Friday, July 29, 2016

A Baker’s Dozen of Neglected Russian Stories – No. 42

Paul Goble

         Staunton, July 29 -- The flood of news stories from a country as large, diverse and strange as the Russian Federation often appears to be is far too large for anyone to keep up with. But there needs to be a way to mark those which can’t be discussed in detail but which are too indicative of broader developments to ignore.

          Consequently, Windows on Eurasia presents a selection of 13 of these other and typically neglected stories at the end of each week. This is the 42nd such compilation. It is only suggestive and far from complete – indeed, once again, one could have put out such a listing every day -- but perhaps one or more of these stories will prove of broader interest.

1.      Will Putin Soon Follow Caligula and Name His Horse to the Duma? One Russian commentator struck by the fact that the only qualification anyone appears to need for Vladimir Putin to appoint him or her to an important position is his friendship suggests that the kremlin leader may soon name his cook or masseuse to a major job (  Such a trend is likely to lead to the further evolution of the Putin cult in Russia (  The Karelian parliament has at least a partial solution: its members have called on the Federal Assembly to adopt a law banning those with mental problems from serving in the Duma (  Meanwhile, the Kremlin has announced that it will no longer provide Putin’s schedule to the media as frequently, a step that may reflect the fact that he is meeting with fewer and fewer people beyond his inner circle (

2.      Monument-al Problems. Few countries have as many problems with statues and monuments as Russia does. Not only is there a controversy over whether to put up a statue of Ivan the Terrible, with advocates saying Putin needs one given that Ivan expanded Russia’s territory ( and opponents saying his dictatorial ways offend them and demanding a referendum (  In other monumental news this week, a Russian court has agreed that Putin masks can be banned (, the prime minister of Tatarstan has refused to lay flowers at the Stalin monument in Mari El (, and activists in the northern capital have called for creating a Lenin theme park in which all the statues from Soviet times can be assembled much as has been done already in Lithuania (  But perhaps the most significant fight over statues this week concerns not politics but prurience: In St. Petersburg, activists have forced a museum to agree to clothe a copy of Michaelangelo’s David lest if offend the sensibilities of children (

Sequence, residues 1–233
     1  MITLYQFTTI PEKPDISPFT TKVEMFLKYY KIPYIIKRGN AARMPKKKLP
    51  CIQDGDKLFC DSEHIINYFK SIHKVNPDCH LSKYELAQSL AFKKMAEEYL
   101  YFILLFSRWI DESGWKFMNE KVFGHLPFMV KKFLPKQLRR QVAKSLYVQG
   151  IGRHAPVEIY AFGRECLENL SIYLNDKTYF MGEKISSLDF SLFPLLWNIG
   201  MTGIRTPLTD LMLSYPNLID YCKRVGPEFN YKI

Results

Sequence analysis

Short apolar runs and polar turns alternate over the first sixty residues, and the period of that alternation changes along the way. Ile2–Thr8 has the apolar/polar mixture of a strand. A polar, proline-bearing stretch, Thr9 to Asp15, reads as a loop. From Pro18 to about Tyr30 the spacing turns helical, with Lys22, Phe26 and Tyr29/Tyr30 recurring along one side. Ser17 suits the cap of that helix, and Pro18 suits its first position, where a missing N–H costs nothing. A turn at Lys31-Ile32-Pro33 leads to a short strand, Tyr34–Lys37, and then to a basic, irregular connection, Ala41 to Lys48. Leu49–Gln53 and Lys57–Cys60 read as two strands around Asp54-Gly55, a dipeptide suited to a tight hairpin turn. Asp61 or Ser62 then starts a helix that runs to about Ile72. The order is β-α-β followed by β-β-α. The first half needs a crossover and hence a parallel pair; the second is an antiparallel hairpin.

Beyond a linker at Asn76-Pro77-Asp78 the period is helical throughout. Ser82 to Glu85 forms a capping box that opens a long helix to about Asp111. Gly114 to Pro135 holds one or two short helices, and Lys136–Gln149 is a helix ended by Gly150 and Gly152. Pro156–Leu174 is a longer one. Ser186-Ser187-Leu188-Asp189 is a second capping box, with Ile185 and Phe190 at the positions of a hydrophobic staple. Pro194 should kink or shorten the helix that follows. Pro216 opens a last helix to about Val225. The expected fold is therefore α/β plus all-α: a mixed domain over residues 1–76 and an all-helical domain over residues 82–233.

3.      ‘There’s Nothing to Eat But Have a Nice Day.’ Forty-one percent of Russians now save they do not have enough money to buy food and clothing, a rise that has prompted some to make bitter fun of Dmitry Medvedev’s recent comment in Russian occupied Crimea ( and and to remind the world that Russian now manufactures nothing but guns and matryoshka dolls ( and that Putin has managed to do what Hitler could not – close the Stalingrad tractor factory (  In other economic news, the government has announced it doesn’t have enough money for vote counting machines (,  three more underwear stores have closed as Russians cut back on that expense and go commando (, and the government has set new minimum prices for champagne as if there is much to celebrate (

4.      Russia’s Christians, Muslims and Jews Want Their Own Foods. The three main religions of Russia have already divided as far as where they bury their dead; now, they are increasingly divided in their demands for food stuffs certified by their respective religious authorities (, yet another real-world indicator of the lack of unity in Russian society.

5.      Have a Russian Grammar Question? Daghestan Opens a Help Hotline. Officials in Daghestan have now set up a special telephone hotline for those who have a question about Russian grammar or usage, an indication of the extent to which Russian language knowledge has deteriorated over the last two decades (

6.      Three Stories from Siberia.  Muscovites frequently ignore Siberia unless and until forest fires there cause smoke to darken the skies over their city ( But this week, there were three more important stories from beyond the Urals: Reindeer herders have had to be evacuated because of an anthrax outbreak (, Siberian Old Believers are now instructing Russian soldiers on how to survive in the taiga (, and the Siberians who were accused of organizing a partisan unit to oppose Moscow have been found not guilty (